The Many Passions of Osvaldo Golijov

Review: Osvaldo Golijov’s La Pasión según San Marcos

Osvaldo Golijov is the new safe composer. By that I mean, presenters can program his music without the fear of concertgoers walking out mid-performance, and without the risk of the NEA cutting funding. In La Pasión según San Marcos, an oratorio-like telling of the St. Mark Passion presented over the weekend at Lincoln Center’s Rose Theater as part of the Mostly Mozart Festival, Golijov didn’t miss these expectations, but to what end all this safety is aimed leaves a lot to be asked.

About Golijov’s style. Publicity will play up the “influence” factor his work; Latin influences, African influences, Carribean (Latin/African) influences. They also play up where he’s from–Argentina. And, they disclose his religious heritage–Jewish. All of this to get the prospective ticket-buyer (and grant administrator) to go, Wow, an Argentine Jewish composer who incorporates Latin and African and Carribean influences into classical music–now that I gotta hear! (Or fund.) Now it is evident that Golijov is a composer of acute talents, and his musicianship is of world-class caliber, however, the result of this quilting of influences results in an inevitable cluster-fuck-hyphenating-world-music-slash-classical-music melange. Not unpleasant to listen to, but beguiling to experience.

I must clarify that Golijov doesn’t inflect his music with these cultural styles–he writes in them. If anything is ever used to inflect, it is actually the aesthetic of classicism; not the other way around.

The problem at the heart of all of this is that by presenting side-by-side genres of music that have rather divergent roles in culture, we become (or should become) confused when asked to experience them under the umbrella of the classical concert.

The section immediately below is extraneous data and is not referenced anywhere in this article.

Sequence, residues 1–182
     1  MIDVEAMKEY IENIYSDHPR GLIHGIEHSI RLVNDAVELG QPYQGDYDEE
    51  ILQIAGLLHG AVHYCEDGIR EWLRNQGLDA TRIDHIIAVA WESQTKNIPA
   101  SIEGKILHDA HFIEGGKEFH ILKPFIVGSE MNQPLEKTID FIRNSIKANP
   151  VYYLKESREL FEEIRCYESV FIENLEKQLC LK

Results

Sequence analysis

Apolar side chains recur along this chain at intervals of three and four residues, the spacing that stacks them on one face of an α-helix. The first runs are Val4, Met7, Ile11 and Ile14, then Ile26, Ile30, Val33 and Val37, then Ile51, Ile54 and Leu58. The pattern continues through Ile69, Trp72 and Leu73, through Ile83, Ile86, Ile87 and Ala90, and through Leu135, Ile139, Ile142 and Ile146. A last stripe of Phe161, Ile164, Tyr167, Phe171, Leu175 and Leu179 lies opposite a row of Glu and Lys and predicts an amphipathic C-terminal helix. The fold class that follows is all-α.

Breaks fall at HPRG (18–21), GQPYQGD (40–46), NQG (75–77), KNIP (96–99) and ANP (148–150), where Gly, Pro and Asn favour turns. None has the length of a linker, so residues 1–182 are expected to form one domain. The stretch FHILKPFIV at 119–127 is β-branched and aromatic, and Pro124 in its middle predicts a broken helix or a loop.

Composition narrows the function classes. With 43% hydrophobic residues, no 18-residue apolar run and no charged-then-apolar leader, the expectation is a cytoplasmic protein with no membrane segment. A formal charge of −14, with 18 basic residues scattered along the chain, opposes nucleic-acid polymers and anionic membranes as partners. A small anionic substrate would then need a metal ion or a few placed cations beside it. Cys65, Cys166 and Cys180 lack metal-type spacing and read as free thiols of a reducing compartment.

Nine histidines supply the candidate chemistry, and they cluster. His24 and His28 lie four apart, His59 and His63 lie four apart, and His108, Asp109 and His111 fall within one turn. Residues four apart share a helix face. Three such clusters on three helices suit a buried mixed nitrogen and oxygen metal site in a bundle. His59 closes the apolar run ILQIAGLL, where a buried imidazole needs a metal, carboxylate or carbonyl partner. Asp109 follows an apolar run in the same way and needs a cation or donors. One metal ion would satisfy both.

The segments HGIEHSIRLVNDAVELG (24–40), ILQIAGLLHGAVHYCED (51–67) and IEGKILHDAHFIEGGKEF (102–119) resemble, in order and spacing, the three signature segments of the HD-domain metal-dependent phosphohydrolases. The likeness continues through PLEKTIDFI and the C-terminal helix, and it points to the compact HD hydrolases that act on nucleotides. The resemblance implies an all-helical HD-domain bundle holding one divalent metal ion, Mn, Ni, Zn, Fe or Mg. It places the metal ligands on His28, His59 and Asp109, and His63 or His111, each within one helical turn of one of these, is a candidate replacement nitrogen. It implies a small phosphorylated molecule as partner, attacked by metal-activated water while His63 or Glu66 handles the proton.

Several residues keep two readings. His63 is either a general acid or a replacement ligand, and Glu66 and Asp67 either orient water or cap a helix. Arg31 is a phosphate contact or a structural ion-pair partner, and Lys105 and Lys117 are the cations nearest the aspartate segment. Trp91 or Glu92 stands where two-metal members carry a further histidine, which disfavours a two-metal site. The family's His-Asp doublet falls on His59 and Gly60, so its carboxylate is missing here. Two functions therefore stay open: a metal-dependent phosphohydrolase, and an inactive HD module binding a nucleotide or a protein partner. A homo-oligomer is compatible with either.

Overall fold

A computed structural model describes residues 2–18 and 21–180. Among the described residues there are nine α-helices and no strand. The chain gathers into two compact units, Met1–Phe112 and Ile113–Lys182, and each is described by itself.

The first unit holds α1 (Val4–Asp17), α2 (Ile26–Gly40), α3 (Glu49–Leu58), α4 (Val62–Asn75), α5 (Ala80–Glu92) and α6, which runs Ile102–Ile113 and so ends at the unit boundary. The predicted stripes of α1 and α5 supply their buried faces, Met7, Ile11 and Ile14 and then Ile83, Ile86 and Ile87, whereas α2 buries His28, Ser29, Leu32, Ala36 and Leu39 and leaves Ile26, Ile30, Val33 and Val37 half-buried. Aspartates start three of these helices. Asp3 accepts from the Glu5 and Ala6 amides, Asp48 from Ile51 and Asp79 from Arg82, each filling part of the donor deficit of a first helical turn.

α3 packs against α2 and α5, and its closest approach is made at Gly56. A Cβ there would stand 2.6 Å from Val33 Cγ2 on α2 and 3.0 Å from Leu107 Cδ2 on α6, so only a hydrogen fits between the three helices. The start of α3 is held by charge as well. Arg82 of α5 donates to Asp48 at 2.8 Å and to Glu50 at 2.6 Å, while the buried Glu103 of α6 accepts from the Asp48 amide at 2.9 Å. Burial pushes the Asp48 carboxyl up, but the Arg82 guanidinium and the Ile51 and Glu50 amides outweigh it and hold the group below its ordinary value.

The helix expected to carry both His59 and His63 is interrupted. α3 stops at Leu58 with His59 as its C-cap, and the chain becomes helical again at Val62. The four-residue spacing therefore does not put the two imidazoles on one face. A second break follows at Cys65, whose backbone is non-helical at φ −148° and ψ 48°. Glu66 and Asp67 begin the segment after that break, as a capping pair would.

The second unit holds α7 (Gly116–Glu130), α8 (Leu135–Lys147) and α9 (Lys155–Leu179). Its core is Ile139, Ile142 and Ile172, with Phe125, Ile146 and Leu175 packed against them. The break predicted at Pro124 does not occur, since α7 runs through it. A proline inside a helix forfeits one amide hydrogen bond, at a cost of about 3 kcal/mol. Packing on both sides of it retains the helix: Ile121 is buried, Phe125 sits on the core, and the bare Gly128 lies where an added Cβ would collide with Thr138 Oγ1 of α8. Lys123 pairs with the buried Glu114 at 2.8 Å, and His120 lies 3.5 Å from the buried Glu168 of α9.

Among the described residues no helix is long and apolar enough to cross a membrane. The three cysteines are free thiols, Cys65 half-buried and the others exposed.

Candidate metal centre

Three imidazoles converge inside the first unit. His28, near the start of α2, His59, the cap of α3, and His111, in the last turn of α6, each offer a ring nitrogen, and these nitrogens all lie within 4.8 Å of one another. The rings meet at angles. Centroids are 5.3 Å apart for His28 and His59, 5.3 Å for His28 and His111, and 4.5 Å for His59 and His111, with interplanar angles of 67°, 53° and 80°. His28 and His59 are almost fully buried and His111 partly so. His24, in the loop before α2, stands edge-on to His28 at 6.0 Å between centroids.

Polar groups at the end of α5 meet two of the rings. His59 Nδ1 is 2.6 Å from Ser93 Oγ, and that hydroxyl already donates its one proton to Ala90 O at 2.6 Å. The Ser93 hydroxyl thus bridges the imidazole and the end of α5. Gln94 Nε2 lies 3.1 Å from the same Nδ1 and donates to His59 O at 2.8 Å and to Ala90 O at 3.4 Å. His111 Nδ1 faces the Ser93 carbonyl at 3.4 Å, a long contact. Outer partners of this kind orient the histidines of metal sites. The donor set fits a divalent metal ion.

For example, one minute you’ll be listening the some wonderful choral writing–as is throughout this work, and that is La Pasión’s chief success–and the next, some guy steps up to a microphone and starts singing in a style that, generally speaking, you would only hear at a pop concert specifically presenting that kind of music or at one of the block parties that go on all summer in my neighborhood. All the classical orchestral inflection in the world can’t pull you out of a Salsa or a Flamenco. So, as an audience participant, you’re left with the frustrating task of reorienting your observational context, and realistically, you downgrade your classical expectations to meet the relational needs of the popular idiom.

And in doing this, I’m not sure what the payoff is. To accept the Latin and African beats is to want to by physically moved. You want to dance when you hear it. You want to let it move your body, but, looking around the theater, you could count on one hand the number of people who were even slightly nodding their heads–and this is to music that will light a fire in your belly in the appropriate context.

To further complicate this whole experience is that the work at hand is about the Passion of Jesus Christ. So you’ll be like, sitting in your seat wanting to get your groove on, but then you stop and flagellate yourself mentally because you noticed in the super-titles that the chorus is singing “Death to Jesus!” The point is that if you close your eyes, you can’t tell whether you should feel happy, sad or horny. And if classical music is proclaimed to do anything special, it’s to tap into universal realms of emotion and convey them in a way that only music can. Unfortunately, even reading the program notes and learning the Flamenco songs are all about agony and anguish doesn’t quite convince the audience that it’s okay to nod your head while Jesus is getting crucified.

And a word about the program notes. David Harrington interviews Golijov extensively in an attempt to mine the composer for insight into the work. Reading the conversation does give insight into the work, but also to the pomp and circumstance that classical composers find necessary to kick up around their creative process in order to defend their music. Golijov no less compares this work to Picasso’s Guernica, claiming that everything about this music is symbolic, and that what Picasso did to the horse figure in the painting, he has done with indigenous music in La Pasión. If you say so…